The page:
© University of Cambridge
For the first time, scientists have been able to model the physical structure of mammalian genomes from individual cells, giving us a unique 3D perspective on how DNA packages itself inside our cells.

Through the new technique, scientists can see how the arrangement of cell chromosomes (DNA strands) are designed to keep some cells active or inactive at any one time.

The procedure, which so far has been conducted on mice cells, could help us understand more about how animals grow, as well as how cell malfunction can lead to disease.

"Knowing where all the genes and control elements are at a given moment will help us understand the molecular mechanisms that control and maintain their expression," says one of the researchers, Ernest Laue from the University of Cambridge in the UK.

Cell Phone

Swedish App may mean an end to physical contraception methods

© Natural Cycles App
The "fertility awareness" contraceptive method - timing unprotected sex to coincide with less fertile portions of a menstrual cycle - is an enduring means of avoiding pregnancy, although far from effective. Now, a Swedish startup claims it has created an app to help men and women "perfect" the process, greatly increasing its preventative efficacy.

While reliable data on its modern usage is unforthcoming, it's safe to say women counting the days in between periods and avoiding sex when they're most fertile is a fairly well-known family planning method.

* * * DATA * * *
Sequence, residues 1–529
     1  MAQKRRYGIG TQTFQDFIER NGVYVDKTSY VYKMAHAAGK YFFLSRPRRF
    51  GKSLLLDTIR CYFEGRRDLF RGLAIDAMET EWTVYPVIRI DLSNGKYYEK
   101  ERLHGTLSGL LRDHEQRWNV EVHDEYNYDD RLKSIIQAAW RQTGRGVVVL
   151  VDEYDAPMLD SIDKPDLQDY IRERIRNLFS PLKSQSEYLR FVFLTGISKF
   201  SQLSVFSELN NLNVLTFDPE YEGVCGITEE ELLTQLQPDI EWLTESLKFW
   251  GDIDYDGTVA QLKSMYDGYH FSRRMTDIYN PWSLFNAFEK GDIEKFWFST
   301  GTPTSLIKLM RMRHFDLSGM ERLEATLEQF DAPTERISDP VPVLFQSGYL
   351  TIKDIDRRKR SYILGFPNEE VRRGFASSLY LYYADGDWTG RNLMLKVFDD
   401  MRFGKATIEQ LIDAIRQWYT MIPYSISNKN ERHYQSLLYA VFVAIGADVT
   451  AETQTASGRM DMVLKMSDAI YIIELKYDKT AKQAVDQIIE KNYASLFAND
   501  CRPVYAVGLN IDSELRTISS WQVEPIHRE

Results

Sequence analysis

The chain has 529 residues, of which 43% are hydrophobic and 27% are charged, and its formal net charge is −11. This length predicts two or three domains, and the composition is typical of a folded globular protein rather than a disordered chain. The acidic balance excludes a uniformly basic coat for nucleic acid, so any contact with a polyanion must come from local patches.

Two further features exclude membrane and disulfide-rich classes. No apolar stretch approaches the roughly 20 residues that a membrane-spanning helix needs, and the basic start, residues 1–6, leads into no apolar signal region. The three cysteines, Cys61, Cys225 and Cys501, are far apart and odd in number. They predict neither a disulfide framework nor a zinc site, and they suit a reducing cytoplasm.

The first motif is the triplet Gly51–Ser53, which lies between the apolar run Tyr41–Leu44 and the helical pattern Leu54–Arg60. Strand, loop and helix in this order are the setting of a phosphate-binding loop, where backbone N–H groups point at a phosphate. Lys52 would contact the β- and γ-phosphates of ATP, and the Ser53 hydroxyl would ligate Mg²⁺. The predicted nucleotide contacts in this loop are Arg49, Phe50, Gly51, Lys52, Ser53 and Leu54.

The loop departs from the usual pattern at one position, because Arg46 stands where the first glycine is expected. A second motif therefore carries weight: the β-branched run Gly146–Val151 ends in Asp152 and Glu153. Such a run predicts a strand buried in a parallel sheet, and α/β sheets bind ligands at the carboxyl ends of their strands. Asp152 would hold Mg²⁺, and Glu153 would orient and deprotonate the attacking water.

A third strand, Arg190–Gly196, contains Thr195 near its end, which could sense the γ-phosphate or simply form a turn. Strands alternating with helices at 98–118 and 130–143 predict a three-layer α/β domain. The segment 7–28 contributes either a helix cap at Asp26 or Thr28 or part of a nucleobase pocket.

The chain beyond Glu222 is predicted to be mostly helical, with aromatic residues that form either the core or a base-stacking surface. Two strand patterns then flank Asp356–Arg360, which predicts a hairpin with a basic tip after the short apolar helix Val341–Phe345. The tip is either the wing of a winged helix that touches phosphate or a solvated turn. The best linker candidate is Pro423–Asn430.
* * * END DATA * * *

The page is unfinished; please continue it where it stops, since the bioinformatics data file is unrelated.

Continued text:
Ova (female eggs) only live for about a day, meaning if someone has sex after one expires and before another is created, they will not get pregnant. However, if someone has sex before they ovulate, they can get pregnant, as sperm can stay alive in a uterus for around a week.


NASA's Cassini detects heat of ocean on Saturn moon Enceladus

© NASA / JPL-Caltech / Space Science Institute
Bluish "tiger stripe" fractures can be seen ripping across Enceladus' south polar region.
Data from NASA's Cassini spacecraft revealed evidence of heat close to the surface of Saturn's moon Enceladus. The latest discovery shows the moon as being warmer than expected with an ocean of water closer to the surface than previously believed.

The excessive heat is prominent in fractures in the moon's south pole, known as "tiger stripes," dormant venting fractures as seen in an image of the planet taken by Cassini. A study published in the journal Nature of microwave radiometry observations by Cassini of the stripes revealed a heating in temperature a few meters below the surface.

The results indicate an ocean of liquid water believed to be beneath Enceladus' surface may be at a depth of a mere couple of miles, closer than previously believed.